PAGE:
Where Labour failed to meet those challenges; the Liberal Democrats will rise to them and I will be the first party leader to fully commit my party to including those proposals in our 2015 manifesto.
The Silk Commission recommendations will be the blueprint for our 2015 manifesto.
Unlike other parties, we are a democratic party and the final manifesto will be approved by our members, but I am clear that just as the Silk Commission has recommended, I want us to fight the next election proposing that we take on the recommendations of the Silk Commission to give you the tools you need to get on with the job.
Because in the General Election next year, Welsh Liberal Democrats in this hall, and beyond, will be able to say to the people of Wales: yes, we are the party of devolution, arguing for it since the days of Lloyd George, yes, we have and we are delivering on our promise of strengthening devolution and yes, we are the only party that is willing and able to give the people of Wales more and better devolution.
As the Welsh Liberal Democrats begin their conference in Newport you can expect three things to be on their minds.
You won't be surprised to find Europe at the top of their agenda with just six weeks to go until the European Parliamentary elections in May.
The Lib Dems have never won one of the Welsh seats and the polls suggest that that's unlikely to change this year. But the party has positioned itself as the most Europhile of all the UK parties and so you can expect a lot said about how Wales benefits from being part of the EU.
There's another election on the horizon too: next year's UK General Election. There's no doubt the Lib Dems have suffered in successive elections because of the decision to enter coalition government with the Conservatives.
What's important for the party now is to point to the things it's achieved by being in government while distancing itself from its coalition partners. So you can expect much to be made of the raised income tax threshold, particularly because the new tax year is about to begin.
I'd also look out for some significant promises on devolution. The Lib Dems take credit for moves to extend devolution throughout their time in the UK Government, specifically the 2011 lawmaking powers referendum and the Silk Commission.
Senior party figures watched Ed Miliband's speech to last week's Welsh Labour conference with interest and tell me they're determined Labour won't 'out-devolution' the Lib Dems.
So Nick Clegg is expected to promise that the 2015 Liberal Democrat manifesto will take the Silk Commission's proposals for extensive devolution including power over policing and energy decisions as 'a blueprint.'
Welsh Liberal Democrats begin their conference in Newport this morning with a speech by the Deputy Prime Minister Nick Clegg. Other senior figures including UK Business Secretary Vince Cable and Welsh party leader Kirsty Williams are also due to address the conference.
With just six weeks to go until the European Parliamentary elections, Europe is expected to play a prominent rôle but next year's UK General Election will also be a significant issue. And there are expected to be pledges on further devolution for Wales.
The Welsh Liberal Democrats say the Welsh Government must provide more information about why some schools had unexpectedly poor results in the new GCSE exam. They say more should have been done to prepare schools for a greater emphasis on basic English skills when the exam was marked.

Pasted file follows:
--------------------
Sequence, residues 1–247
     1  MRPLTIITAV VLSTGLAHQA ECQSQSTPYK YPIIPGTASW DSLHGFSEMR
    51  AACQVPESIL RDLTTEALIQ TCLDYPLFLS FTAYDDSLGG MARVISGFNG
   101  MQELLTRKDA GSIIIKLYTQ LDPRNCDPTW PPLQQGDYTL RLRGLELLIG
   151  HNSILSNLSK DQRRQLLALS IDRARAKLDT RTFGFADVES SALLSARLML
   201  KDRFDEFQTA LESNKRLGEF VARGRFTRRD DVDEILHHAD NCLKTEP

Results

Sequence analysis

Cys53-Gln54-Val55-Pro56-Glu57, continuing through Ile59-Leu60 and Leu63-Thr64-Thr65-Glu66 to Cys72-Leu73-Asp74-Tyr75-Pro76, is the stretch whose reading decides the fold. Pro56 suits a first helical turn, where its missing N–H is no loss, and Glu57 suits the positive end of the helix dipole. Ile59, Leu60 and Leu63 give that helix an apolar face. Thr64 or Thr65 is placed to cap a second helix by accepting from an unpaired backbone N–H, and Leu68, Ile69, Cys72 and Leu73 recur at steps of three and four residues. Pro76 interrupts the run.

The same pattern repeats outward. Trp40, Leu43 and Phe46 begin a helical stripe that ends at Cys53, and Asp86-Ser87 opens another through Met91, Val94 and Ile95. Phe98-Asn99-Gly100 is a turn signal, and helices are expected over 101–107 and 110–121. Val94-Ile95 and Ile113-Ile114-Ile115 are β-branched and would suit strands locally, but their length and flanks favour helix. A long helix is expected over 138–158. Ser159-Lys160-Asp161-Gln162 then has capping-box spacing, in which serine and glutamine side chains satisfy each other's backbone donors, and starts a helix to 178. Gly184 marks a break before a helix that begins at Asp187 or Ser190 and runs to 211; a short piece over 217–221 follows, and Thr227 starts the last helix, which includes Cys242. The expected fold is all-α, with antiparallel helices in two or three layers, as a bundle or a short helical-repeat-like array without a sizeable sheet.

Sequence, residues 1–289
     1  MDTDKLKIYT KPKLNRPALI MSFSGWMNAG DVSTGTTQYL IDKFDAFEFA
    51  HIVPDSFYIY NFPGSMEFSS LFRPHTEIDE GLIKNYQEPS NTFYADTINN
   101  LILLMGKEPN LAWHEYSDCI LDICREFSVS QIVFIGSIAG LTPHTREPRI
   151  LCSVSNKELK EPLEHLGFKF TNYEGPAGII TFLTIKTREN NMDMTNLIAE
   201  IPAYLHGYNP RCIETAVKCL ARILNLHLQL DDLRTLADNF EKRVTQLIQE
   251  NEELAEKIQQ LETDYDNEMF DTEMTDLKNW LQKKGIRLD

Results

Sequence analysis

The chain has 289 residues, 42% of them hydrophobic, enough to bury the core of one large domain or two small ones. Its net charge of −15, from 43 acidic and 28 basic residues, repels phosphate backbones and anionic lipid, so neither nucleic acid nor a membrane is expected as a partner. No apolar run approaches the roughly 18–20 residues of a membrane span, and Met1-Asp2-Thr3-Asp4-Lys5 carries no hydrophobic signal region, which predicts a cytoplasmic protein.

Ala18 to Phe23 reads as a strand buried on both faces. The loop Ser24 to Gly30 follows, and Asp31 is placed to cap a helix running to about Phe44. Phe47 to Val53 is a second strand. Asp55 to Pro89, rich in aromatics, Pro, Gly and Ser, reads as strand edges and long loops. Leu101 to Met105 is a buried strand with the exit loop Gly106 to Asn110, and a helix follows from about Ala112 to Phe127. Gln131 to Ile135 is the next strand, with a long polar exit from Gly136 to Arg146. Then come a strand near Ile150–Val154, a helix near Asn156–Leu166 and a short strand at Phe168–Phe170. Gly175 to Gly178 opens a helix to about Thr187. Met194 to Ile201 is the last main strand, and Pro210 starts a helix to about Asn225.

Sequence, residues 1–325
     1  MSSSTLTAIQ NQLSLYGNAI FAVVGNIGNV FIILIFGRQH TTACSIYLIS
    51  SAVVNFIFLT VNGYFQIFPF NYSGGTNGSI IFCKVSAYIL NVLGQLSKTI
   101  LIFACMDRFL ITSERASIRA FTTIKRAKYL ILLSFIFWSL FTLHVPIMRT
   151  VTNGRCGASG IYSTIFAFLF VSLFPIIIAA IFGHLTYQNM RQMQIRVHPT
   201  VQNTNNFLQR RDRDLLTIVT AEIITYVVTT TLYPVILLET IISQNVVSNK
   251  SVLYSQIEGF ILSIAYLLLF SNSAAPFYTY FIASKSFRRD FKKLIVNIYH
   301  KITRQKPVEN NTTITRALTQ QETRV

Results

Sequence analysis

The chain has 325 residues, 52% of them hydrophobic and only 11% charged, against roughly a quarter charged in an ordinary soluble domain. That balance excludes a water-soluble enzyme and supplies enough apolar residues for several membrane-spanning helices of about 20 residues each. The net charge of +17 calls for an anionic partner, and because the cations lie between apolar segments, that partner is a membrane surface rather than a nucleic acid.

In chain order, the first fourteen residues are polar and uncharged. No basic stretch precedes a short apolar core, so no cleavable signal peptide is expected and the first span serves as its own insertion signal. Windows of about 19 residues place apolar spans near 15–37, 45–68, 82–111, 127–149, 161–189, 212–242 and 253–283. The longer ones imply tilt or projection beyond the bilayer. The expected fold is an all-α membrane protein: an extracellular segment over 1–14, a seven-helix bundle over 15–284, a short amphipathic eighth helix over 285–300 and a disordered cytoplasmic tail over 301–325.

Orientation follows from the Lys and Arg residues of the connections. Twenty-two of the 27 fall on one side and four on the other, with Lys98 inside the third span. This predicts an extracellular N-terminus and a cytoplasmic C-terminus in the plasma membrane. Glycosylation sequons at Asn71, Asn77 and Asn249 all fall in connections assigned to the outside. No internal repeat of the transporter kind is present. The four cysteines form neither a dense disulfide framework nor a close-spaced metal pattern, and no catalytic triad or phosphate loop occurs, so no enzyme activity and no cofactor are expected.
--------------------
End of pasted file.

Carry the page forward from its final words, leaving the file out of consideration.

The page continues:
The WJEC have said some schools might have struggled to cope with the changes to the exam and have not prepared well enough. Yet the First Minister seemed unwilling to accept this to be the case. Whilst poor GCSE results might only be a political hiccup and yet another bad headline for the Welsh Labour government, for the pupils these are results that will stay with them for life.
The Welsh Liberal Democrats say their supporters won't be fooled into voting for Plaid Cymru in the forthcoming European elections. Plaid's leader Leanne Wood has urged disaffected Lib Dems to back her party in May's vote.
But Lib Dem Euro candidate, Alex Dauncey, says Plaid's aim of independence risks separating Wales from the EU. And he made his own appeal, urging Plaid voters to back the Lib Dems
People won’t be fooled by this. After all, Plaid’s whole existence is based on separation and isolation. If their dream of independence was realised, Wales would have to reapply for EU membership which would create huge uncertainty around our economic future and threaten our trade links. If Plaid had their way they would put thousands of jobs and billions of pounds of investment at risk.
While Lib Dem MEPs have been working hard in Europe to promote Welsh jobs and businesses, Plaid has consistently voted against job creating measures. For example, they opposed the EU-US free trade agreement which could bring thousands of jobs and an extra £10 billion to the UK economy. There is a world of difference between our two parties’ approaches to Europe and it is disingenuous to suggest otherwise.
The Liberal Democrats are the party of ‘in’. Plaid's position on Europe is confused by their desire for Welsh independence. The Conservatives are openly flirting with exit and the Labour Party doesn’t have the courage of their convictions and won’t lift a finger to keep Britain in the EU. If you are a Plaid voter and recognise the benefits of a more devolved Wales, in Britain, in Europe, and want to send a clear message to the dangerous fringes of UKIP, then you should vote for the Welsh Liberal Democrats.